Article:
Background: Leucocyte recruitment is a key feature in ischaemia-reperfusion (I/R)-triggered tissue injury. However, the mechanisms underlying leucocyte-endothelium interactions in the large bowel remain elusive because of a previous lack of models to examine the colonic microcirculation. The aim of this study was to develop and validate a novel method for studying reperfusion-induced leucocyte-endothelium interactions in the colon.
Methods: The superior mesenteric artery was occluded for 30 min in male C57/Bl6 mice and leucocyte responses were analysed in colonic venules after 30-240 min of reperfusion. Analysis of leucocyte rolling and adhesion in colonic venules was made possible by an inverted approach using intravital fluorescence microscopy.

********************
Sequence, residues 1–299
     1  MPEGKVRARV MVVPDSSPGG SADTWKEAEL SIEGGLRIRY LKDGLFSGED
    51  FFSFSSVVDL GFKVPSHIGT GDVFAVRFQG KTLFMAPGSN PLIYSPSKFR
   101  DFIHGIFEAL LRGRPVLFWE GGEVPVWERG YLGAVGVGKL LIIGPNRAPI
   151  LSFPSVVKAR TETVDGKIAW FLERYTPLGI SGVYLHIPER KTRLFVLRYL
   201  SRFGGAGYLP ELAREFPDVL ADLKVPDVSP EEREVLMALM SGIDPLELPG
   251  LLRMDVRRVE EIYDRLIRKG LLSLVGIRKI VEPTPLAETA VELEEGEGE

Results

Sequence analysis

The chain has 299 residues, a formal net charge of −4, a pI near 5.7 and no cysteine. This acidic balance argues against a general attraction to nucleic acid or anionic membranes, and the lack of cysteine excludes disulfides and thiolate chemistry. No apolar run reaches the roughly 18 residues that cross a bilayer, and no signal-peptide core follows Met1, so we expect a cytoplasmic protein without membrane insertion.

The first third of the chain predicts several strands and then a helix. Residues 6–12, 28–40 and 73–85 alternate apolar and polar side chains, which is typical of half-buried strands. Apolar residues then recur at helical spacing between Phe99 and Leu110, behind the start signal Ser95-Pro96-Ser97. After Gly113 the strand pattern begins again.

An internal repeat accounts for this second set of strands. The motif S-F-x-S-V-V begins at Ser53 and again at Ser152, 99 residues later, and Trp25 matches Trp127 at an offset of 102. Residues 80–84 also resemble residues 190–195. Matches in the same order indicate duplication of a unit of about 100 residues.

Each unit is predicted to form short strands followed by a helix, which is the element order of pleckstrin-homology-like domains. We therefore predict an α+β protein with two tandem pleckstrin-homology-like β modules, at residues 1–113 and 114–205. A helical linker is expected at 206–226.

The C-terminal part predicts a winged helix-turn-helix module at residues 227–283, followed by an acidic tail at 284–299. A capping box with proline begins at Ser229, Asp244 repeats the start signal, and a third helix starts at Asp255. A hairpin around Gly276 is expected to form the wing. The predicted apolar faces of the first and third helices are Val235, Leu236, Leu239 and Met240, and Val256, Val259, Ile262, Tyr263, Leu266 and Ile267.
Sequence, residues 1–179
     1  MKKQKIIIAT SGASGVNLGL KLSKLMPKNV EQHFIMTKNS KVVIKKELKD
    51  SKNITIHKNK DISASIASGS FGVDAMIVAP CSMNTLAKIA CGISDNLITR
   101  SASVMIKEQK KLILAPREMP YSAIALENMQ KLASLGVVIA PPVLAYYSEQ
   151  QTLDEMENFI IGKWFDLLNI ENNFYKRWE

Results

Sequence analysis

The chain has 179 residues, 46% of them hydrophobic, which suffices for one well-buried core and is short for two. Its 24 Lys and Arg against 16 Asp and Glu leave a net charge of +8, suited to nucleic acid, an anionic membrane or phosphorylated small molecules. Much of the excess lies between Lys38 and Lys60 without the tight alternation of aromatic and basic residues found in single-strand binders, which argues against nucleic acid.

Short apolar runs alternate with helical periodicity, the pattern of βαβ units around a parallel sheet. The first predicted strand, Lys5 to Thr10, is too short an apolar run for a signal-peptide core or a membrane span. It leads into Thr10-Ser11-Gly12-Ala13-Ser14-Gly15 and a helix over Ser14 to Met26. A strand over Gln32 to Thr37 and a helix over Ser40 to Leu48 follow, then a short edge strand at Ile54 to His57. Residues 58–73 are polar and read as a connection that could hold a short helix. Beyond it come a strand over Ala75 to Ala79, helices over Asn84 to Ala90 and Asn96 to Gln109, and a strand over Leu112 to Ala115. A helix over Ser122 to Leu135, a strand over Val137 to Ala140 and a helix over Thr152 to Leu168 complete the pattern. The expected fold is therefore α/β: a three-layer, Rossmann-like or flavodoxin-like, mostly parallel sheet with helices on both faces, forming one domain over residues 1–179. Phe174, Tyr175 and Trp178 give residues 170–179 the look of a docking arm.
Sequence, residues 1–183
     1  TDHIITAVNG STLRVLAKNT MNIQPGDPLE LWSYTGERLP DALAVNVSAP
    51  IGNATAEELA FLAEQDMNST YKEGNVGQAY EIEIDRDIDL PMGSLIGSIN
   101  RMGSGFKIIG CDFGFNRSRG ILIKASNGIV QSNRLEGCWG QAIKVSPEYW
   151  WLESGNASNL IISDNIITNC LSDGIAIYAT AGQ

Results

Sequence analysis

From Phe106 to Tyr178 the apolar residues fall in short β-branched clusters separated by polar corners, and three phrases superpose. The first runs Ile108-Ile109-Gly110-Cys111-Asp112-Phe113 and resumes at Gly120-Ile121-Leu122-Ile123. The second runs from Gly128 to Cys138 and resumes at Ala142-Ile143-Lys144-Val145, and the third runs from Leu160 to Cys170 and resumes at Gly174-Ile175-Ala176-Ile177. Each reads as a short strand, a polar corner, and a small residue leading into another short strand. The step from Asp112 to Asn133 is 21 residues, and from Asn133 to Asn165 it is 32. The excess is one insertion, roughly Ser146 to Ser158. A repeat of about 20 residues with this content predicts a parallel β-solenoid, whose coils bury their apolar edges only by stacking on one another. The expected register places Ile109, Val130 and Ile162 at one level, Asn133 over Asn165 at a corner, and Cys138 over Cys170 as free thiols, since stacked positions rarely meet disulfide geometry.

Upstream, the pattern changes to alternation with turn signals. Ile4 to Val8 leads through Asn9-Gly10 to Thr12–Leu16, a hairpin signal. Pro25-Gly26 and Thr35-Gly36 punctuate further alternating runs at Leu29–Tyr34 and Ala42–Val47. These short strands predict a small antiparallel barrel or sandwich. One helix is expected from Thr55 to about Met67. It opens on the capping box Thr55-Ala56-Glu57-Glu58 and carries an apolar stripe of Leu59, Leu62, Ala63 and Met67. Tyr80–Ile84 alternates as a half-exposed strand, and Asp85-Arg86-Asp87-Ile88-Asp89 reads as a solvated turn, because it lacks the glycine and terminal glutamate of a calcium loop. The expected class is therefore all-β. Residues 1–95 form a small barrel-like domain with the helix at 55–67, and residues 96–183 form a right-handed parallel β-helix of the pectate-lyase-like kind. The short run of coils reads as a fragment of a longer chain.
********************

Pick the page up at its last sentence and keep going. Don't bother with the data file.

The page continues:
Results: Thirty minutes of ischaemia and 120 min of reperfusion induced the strongest and most reproducible increase in leucocyte rolling and adhesion. This was associated with a significant increase in colonic levels of malondialdehyde (MDA). Administration of allopurinol and superoxide dismutase reduced I/R-induced leucocyte responses in a dose-dependent manner. Pretreatment with allopurinol attenuated the tissue content MDA in the colon by more than 60 per cent.
Conclusion: A new method for examining I/R-induced leucocyte responses in the colonic microcirculation is described. Oxygen free radicals play an important role in triggering leucocyte rolling and adhesion in colonic venules.